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Bone scan

Bone scans can help identify hidden fractures that cannot be seen in regular x-rays, they can also help detect bone cancer, arthritis, reason for mysterious bone pain and bone infections. In a normal x-ray, the radiation passes through the body and creates an image on the x-ray placed on the other side of the body, whereas in a bone scan the radiation travels to the surface of the body that is in turn detected by a camera. All metal items in contact with the body have to be removed before a bone scan. There are no restrictions on eating and drinking. Bone scans are not performed on pregnant women. You have to arrive 4 hours before the scan and let the tracer settle well into your body.Bone scan procedure involves:

  • An injection with tracers is injected into the vein in your arm.
  • After this you have to wait for 2-4 hours to allow the tracers to circulate and become absorbed by your bones. In organs and tissues such as the bones, this radio nuclide gets accumulated.
  • You will be asked to drink lots of water to pass out the unabsorbed radioactive material through the urine. The absorbed radioactive material will flush out through the urine by 24 hours.
  • During the bone scan, you will be made to lie motionless on the table, as a device with an arm-like gadget holding the gamma camera passes above the body. When the tracers enter the body, they emit gamma waves of radiation that can be detected by a special camera.
  • The camera in turn generates images that can be inferred by radiologists or nuclear medicine specialists.
  • The scan takes about 30-60 minutes for the entire skeletal and even less if only for specified areas.

When no abnormal area is seen with high or low accumulation of the tracers, the radioactive material is evenly distributed. This indicates that the bone area that is scanned is normal. In abnormal cases, radioactive material accumulates in a particular area of the bone. This is known as a hot spot. Hot spots can indicate a healing fracture, bone cancer, bone infection, arthritis or a disease of an abnormal bone metabolism. Certain spots may indicate less absorption of the radioactive material, they are called cold spots. This could indicate cancer or lack of blood supply to the bone.

Bone biopsy

Bone biopsy is a medical procedure during which a small sample of bone tissue is taken and examined for the presence of cancer cells, infections or any other bone disorders. Bone biopsy involves removing the hard outer portion of the bone from the compact tissue, unlike bone marrow biopsy procedure where the innermost sponge-like material containing marrow is removed to assess for abnormalities.

Why is bone biopsy conducted?

Tests like x rays and bone scans may reveal a tumor, but whether it is benign or malignant and if it is malignant, the type of cancer cell is detected accurately by bone biopsy. Bone biopsy determines the presence of benign tumors like Fibroma, Osteoblastoma, Osteoid osteoma and cysts and cancerous tumors like Ewing's sarcoma, Multiple myeloma and Osteosarcoma. Apart from tumors, bone biopsies are also used to identify the bone infections like osteomyelitis and abnormal bone structures that may be causing persistent pain and tenderness.


Types of bone biopsy

Closed biopsy or needle biopsy involves inserting a needle through the skin into the bone to draw a small bone tissue with the needle. Closed biopsy is performed under imaging guidance using a variety of modalities such as fluoroscopy, CT and MRI. Firstly the doctor will choose the bone, mostly the one that is closer to the surface such as hip bone, but biopsy can be performed on any bone. The area is sterilized with antiseptic lotion and local anesthesia is administered. It is important for the patient to remain motionless during the procedure; he may be strapped or belted to restrict movement.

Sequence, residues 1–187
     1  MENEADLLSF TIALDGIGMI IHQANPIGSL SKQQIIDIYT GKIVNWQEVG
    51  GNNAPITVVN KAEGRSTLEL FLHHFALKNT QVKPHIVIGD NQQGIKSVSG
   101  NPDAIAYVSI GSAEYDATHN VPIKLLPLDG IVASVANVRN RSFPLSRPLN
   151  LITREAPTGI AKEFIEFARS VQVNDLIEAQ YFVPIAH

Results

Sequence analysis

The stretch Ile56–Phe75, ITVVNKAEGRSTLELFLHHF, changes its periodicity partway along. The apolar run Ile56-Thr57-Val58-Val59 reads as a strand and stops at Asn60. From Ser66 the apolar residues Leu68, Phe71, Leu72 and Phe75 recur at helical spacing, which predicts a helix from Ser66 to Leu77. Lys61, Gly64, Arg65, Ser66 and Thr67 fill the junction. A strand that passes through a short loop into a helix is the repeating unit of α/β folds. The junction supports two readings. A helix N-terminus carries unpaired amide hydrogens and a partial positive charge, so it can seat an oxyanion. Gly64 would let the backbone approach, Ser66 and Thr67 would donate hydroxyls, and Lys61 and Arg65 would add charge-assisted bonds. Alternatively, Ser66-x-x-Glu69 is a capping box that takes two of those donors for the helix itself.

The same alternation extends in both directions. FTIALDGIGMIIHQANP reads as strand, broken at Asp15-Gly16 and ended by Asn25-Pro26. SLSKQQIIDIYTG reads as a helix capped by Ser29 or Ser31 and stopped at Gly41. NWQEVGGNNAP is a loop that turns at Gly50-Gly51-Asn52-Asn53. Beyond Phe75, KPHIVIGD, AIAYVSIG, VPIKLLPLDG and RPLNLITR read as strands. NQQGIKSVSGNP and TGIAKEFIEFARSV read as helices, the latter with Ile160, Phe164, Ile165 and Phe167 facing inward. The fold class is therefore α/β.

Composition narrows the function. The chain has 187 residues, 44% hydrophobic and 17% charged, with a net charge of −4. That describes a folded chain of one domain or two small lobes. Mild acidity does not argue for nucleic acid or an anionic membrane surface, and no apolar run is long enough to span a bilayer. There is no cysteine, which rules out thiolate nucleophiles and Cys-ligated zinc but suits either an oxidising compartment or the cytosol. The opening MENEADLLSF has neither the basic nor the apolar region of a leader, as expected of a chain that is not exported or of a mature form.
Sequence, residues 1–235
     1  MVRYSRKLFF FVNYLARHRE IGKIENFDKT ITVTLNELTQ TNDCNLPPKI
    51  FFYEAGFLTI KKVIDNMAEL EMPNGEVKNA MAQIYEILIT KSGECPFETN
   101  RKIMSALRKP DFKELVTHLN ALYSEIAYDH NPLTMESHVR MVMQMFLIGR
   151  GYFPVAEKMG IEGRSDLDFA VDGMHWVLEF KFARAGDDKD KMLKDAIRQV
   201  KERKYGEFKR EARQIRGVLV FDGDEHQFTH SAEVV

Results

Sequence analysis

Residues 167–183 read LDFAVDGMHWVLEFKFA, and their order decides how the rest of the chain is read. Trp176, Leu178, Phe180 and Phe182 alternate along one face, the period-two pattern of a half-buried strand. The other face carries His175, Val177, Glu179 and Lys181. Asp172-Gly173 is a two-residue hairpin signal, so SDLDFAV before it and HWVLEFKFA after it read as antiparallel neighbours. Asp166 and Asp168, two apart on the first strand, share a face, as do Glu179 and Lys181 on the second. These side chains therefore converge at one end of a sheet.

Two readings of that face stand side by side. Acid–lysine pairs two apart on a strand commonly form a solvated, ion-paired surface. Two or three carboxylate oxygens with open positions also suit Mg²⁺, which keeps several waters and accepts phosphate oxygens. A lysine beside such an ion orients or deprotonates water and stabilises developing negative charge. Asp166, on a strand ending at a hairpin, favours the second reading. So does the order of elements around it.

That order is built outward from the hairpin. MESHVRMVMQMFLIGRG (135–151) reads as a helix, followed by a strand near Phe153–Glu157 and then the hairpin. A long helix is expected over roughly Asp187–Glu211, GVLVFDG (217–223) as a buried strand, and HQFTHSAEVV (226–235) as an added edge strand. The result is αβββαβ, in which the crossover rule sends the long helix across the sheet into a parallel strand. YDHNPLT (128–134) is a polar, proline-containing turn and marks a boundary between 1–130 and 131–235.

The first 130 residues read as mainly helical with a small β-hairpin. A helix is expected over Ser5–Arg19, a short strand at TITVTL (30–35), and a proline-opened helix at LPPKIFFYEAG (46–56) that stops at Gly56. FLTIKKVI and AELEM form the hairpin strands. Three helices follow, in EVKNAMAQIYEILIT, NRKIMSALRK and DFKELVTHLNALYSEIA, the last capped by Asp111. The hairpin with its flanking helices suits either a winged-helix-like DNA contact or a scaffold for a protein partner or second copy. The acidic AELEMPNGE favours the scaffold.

A small incision is made at the site through which the needle is drilled till it finds bone. Needle will be wriggled into the bone to obtain the sample. After the needle is withdrawn, gentle pressure is applied on the site to control the bleeding; finally, the area is cleaned and covered with the bandage. The tissue sample is sent to the laboratory for analysis.


Open biopsy procedure takes place during surgery after administering general anesthesia. Here, the size of the incision is relatively larger as a small piece of bone is removed from the patient's body for further examination.

The patient is required to undergo few blood tests before the procedure to assess the blood clotting and the functioning of kidneys and liver. Medications like blood thinners and anti platelet drugs may need to be stopped temporarily. The site of the biopsy may feel sore and tender for few days and patient may be given pain relievers. If it is a closed biopsy, the patient can return home within an hour or as soon as he starts feeling comfortable. In the case of open biopsy, the patient will regain consciousness after few minutes but may feel drowsy for few hours after the procedure and is retained in the hospital for the whole day. Whether it is needle or open biopsy, patient should keep the area of biopsy bandaged and dry to avoid infections.


Complications arising from bone biopsy are rare, yet patient should be aware of the risks associated with the bone biopsy. Patient may contact skin infection or suffer from bone infection. There is also a risk of needle breaking the bone and causing injury. Hence whenever there is bleeding, redness or oozing of the pus or fever, pain and chills, it should immediately be brought to the doctor's notice.



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Collection of Pages - Last revised Date: December 9, 2019